I would have to say I agree with Pat. The older the student the more blended learning will be effective. Although I believe that learning in a variety of different styles will be very advantageous to most students, the truth is the older the student, the more learning will occur in these different techniques. If a student is too young, many times they will become too entertained or sidetracked by the new/different style of being taught.
Yes, blended learning is a good thing for K-12. Pat's comment about motivation is truly something to be considered when proceeding in this direction. Also more direction will be needed for younger students regardless of their motivation level. Another issue I believe affects the success of blended learning is the reliability of the technology infrastructure. I can’t image anything more frustrating than having a lesson plan that incorporates using the web to compliment the lesson only to find that the network is down or running to slow to be helpful. If students have to wait to long for the information – their attention or interest will be lost.
I agree with Jakob's comments. He brought up a good point about children being raised in a blended environment. It is the teacher that needs to adapt to this environment. I believe it is going to be a neccessity for teachers to use blended learning in k-12 very soon. Already, some schools are moving to new technology initiatives. For instance, teachers at my school received tablet PCs this year, and next year every h.s. student will have a laptop. Blended learning will be required in my school. It's on our goals, evaluations, and school improvement plan.
As mrs. cheifetz points out, and as we discussed Tues., accessibility is a problem – especially with elementary students. Which is precisely why I agree with Alex, K-12 is much to large a range to consider for this question. High schoolers are more mobile, can get to the library, go to school early or stay late to work in the lab, to have access to computers if one is not available at home. Younger children, even through middle school, have more difficulty gaining access. This would be a factor contributing to the digital divide among students and one that any school would hopefully be loathe to encourage no matter how beneficial a technology blended learning experience might be.I do think that introducing elementary and middle school students to blended learning in a more traditional sense, via different modes – including technology – and pedagogy is important. However, to require it is more suited for the high school age students where technology blended learning will be engaging and help prepare them for college and/or the work force.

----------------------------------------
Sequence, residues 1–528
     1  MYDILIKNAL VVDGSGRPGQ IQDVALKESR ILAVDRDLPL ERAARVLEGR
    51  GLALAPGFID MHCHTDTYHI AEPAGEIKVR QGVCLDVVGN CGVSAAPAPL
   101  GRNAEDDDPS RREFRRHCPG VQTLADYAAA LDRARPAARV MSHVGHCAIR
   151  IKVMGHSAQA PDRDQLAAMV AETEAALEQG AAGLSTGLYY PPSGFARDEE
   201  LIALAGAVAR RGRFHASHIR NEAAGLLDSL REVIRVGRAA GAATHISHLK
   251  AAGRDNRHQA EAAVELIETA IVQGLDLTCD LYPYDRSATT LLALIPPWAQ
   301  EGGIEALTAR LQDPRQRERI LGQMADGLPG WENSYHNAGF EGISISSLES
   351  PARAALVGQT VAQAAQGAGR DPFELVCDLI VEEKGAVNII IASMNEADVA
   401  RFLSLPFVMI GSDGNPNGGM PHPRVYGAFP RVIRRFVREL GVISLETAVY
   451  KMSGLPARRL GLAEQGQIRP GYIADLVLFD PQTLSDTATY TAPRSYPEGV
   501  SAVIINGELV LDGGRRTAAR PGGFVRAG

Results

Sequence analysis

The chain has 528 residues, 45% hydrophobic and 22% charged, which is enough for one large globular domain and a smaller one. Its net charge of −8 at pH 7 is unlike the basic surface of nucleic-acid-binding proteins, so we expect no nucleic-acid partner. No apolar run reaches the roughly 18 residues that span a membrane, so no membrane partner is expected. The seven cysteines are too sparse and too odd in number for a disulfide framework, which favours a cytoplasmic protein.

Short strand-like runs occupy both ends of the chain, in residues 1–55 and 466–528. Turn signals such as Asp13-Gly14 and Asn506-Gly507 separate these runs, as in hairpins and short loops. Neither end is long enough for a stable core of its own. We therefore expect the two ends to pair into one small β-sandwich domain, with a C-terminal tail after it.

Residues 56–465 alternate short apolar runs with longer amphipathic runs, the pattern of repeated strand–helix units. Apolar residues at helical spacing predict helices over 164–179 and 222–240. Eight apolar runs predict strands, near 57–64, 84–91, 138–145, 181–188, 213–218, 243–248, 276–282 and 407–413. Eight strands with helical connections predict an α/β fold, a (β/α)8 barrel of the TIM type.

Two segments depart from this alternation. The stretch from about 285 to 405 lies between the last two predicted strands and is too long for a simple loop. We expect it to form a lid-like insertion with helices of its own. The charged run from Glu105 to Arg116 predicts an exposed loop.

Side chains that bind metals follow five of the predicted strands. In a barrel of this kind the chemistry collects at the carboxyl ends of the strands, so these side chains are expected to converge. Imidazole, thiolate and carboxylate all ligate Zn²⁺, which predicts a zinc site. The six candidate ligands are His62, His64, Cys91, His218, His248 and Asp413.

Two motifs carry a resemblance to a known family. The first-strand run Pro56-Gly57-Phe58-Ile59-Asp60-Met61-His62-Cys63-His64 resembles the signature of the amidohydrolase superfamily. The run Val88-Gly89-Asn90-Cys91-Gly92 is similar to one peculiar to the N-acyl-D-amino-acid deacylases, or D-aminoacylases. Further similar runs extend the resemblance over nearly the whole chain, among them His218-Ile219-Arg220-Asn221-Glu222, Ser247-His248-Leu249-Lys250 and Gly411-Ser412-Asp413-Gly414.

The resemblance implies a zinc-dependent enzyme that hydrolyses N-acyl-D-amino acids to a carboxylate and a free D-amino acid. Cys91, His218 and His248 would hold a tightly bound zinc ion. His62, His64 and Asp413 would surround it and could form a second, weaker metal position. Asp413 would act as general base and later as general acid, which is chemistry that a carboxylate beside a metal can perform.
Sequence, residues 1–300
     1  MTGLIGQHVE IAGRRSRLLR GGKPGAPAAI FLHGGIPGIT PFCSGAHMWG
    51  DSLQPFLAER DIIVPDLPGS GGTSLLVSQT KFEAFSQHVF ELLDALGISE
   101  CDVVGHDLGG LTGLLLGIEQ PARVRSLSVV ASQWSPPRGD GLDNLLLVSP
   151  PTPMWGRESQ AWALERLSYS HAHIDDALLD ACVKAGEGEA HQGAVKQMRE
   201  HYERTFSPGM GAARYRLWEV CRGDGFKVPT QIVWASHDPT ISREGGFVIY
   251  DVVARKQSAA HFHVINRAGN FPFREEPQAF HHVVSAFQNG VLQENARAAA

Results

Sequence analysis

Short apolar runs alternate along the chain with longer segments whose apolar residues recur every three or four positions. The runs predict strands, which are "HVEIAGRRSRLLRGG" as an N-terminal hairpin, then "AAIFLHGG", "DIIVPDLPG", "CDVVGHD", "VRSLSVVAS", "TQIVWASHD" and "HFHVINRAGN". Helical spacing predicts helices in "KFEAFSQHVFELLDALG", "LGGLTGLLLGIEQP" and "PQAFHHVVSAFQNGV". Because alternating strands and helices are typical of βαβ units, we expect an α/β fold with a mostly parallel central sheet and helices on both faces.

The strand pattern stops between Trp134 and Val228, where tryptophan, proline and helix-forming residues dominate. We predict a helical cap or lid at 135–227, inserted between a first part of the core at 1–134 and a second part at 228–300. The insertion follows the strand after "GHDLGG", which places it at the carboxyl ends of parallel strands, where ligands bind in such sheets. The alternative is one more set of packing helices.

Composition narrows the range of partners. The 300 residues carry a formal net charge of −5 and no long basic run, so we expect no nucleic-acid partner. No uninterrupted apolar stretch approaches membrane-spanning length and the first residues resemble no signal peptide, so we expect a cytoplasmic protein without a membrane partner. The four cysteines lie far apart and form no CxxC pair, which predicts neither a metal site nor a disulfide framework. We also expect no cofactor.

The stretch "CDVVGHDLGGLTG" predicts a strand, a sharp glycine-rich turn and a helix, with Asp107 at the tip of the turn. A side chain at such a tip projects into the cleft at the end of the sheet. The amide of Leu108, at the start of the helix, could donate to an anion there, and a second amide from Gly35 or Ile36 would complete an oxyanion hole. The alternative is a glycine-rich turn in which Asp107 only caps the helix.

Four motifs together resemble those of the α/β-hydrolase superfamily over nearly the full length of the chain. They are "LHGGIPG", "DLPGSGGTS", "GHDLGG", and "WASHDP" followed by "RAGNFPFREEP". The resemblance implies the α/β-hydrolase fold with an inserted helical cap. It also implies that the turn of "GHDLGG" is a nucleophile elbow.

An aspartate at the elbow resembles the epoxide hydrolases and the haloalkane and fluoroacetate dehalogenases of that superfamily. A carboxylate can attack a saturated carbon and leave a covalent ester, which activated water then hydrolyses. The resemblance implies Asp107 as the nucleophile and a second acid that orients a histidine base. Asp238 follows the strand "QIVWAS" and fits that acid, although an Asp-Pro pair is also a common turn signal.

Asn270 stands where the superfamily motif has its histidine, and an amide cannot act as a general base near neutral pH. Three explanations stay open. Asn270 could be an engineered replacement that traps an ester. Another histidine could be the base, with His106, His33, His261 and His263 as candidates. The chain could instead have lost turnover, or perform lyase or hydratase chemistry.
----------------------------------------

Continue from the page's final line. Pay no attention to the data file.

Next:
I looked at blended learning from the perspective of a third grade to help me decide that blended learning is important to have in an elementary classroom. In the elementary grades, blended learning can simply mean integrating technology into lessons. It also means differentiating instruction by determining students' learning styles and interests and finding the appropriate tools to use when having students complete activities and products. At times, this may mean incorporating a website into a research project for one student or showing a video to another student. Since blended learning's goal is to interest and reach all learners, and it's advantages include flexibility and the teacher as the facilitator, there is no question in my mind that blended learning belongs in the elementary classroom.
I think that it would be foolish to say that blended learning is NOT a good thing for K-12. But how we use blended learning and who teaches it are very important points. Other concerns about implementing more blended learning in K-12 range from how much to include, where are the funds to use blended learning coming from and how comfortable are teachers with technology so that they can teach. Students are tech savvy, can teachers reach the same level as the students? In fact, don't teachers need to surpass the technological level of their students. We have 13 teachers in our CTER cohort, shouldn't every teacher out there be reaching out for more tech training.